FREDERICK – Skyline alumnus Gabe Knapton and Niwot graduate Tyler Strong were a different breed of football player during their prep careers.
Both Knapton and Strong went on to play at the University of Wyoming, where the linemen lived together for several years despite coming from rival high schools. Knapton retired in November from a seven-year career in the Canadian Football League, and the pair reunited in January to further distance themselves from their high school rivalry by becoming business partners.
The result was Different Breed Performance, a training facility in Frederick focused on personalized individual and small-group training for the area’s high school and collegiate athletes. The gym opened its doors this past Saturday morning.
“We originally were going to do just football for college and high school guys in the area,” Knapton said. “But we’ve since decided to do strength, fitness and explosiveness training for anybody in the area, any sport. There’s a lot of people out there who are looking to better prepare their bodies and extend their careers, or do anything they can to get an edge on somebody.
“You’ve got to do that stuff nowadays to be the best and we think we can give them that edge.”
Knapton’s post-football career plans also include getting his EMT certification, which he is currently working on with the intention of becoming a firefighter, and Strong is already a certified personal trainer. Both have followed similar career paths and share the desire to spend the next chapter assisting the athletes who have followed them in their hometown area.
“We’re not here to compete with local coaches or take these kids away from their programs,” Knapton said. “We’re just here for those kids looking for some extra or individualized work to add to what they’re already doing with their teams to make them a better athlete.”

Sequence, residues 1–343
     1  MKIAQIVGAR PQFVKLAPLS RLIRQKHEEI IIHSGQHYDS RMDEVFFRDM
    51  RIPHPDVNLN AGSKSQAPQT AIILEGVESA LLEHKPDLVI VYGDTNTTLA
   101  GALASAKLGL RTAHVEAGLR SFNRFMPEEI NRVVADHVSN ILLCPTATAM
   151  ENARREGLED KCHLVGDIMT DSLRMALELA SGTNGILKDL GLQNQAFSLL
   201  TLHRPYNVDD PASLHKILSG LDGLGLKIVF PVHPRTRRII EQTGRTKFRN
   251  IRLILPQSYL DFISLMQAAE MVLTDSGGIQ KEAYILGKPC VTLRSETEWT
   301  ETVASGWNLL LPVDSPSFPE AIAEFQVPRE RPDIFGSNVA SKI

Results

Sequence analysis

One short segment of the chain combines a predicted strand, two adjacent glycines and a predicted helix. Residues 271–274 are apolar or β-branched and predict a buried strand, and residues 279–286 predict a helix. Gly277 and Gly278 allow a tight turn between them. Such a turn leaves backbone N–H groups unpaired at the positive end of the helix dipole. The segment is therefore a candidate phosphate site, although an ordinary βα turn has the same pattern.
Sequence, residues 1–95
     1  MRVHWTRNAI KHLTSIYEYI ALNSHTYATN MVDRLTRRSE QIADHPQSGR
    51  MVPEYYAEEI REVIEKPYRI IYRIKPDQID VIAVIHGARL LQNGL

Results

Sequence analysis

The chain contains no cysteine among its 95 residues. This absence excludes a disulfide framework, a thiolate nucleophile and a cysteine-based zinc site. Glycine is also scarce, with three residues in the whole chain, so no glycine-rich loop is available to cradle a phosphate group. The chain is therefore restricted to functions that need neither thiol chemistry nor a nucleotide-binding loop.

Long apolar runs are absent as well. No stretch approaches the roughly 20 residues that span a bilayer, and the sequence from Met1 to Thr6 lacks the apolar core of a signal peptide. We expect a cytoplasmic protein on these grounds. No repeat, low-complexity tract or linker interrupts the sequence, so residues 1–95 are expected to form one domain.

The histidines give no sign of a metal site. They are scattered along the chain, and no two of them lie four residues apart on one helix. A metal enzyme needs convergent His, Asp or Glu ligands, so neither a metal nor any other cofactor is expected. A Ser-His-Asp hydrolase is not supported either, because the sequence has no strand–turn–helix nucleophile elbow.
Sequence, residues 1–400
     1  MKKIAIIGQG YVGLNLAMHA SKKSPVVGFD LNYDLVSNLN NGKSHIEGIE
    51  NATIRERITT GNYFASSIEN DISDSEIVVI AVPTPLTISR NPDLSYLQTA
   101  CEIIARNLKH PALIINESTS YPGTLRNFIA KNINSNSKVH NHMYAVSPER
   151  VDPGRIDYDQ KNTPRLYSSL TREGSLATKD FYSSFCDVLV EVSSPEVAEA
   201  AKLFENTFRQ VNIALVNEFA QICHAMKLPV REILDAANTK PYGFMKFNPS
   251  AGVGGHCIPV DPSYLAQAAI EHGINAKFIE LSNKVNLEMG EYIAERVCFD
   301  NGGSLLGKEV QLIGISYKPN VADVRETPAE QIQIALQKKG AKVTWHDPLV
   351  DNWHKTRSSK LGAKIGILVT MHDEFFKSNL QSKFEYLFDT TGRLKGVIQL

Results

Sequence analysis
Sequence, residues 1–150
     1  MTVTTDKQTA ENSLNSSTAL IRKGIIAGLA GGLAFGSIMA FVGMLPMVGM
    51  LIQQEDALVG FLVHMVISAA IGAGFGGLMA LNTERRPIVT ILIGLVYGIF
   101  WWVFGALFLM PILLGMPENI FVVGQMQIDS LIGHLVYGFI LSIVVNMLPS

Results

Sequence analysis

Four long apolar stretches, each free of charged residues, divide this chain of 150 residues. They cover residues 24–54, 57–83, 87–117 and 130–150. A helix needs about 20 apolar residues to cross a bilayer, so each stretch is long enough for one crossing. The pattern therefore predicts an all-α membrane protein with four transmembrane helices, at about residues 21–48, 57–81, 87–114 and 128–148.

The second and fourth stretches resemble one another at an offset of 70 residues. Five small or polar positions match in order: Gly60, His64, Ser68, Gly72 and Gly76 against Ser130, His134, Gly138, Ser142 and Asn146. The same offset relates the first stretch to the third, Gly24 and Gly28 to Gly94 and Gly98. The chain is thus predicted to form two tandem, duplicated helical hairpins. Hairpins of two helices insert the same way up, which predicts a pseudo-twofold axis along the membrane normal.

Knapton and Strong believe their gym is well-designed to do just that.
Different Breed Performance is an 800-square-foot facility with a turf area and close to 800 pounds of weights including medicine balls. It also has a treadmill and parachutes for speed work and other agility equipment.
The gym certainly won’t look to have the spacious walk-in options of the typical large-model chain facility. But its co-founders agree that its small size is a good fit for individualized attention, and possibly also for the current COVID-19 pandemic that is limiting public gatherings and has suspended or cancelled high school sports nationwide.
“It obviously isn’t the ideal time to do this,” Strong said. “But I think we’re going to remain small enough and personal enough that we’re not going to have big groups in there. And we’ve come up with a cleaning protocol that should keep the place really clean for every time anyone comes in. It’s obviously not the best time, but we’re going to do what we can to stay open and keep rolling with it.”
Strong said the gym’s initial client base to this point has been limited to a handful of high school athletes he and Knapton were already working with separately. They are also currently the gym’s only two trainers.
Similar services like RedLine Athletics in Longmont and Six Zero Strength in Centennial already exist. But with the relative lack of a similar service in the area, Knapton and Strong think there’s a market for personalized training in the northern area and expect Different Breed Performance to take off once things begin to normalize.
“I’ve kind of bounced around from job to job and this finally seemed like what I should be doing,” Strong said. “I’ve developed a background in the area over my career and it feels right to be in a position to help kids who were in my position years ago. We’re definitely looking forward to helping that high school kid who’s looking to take their game to the next level or go play in college. Or that college kid who comes home and is looking for someone to write a program for them.
“But we’re not limiting it. We’re looking to help everyone.”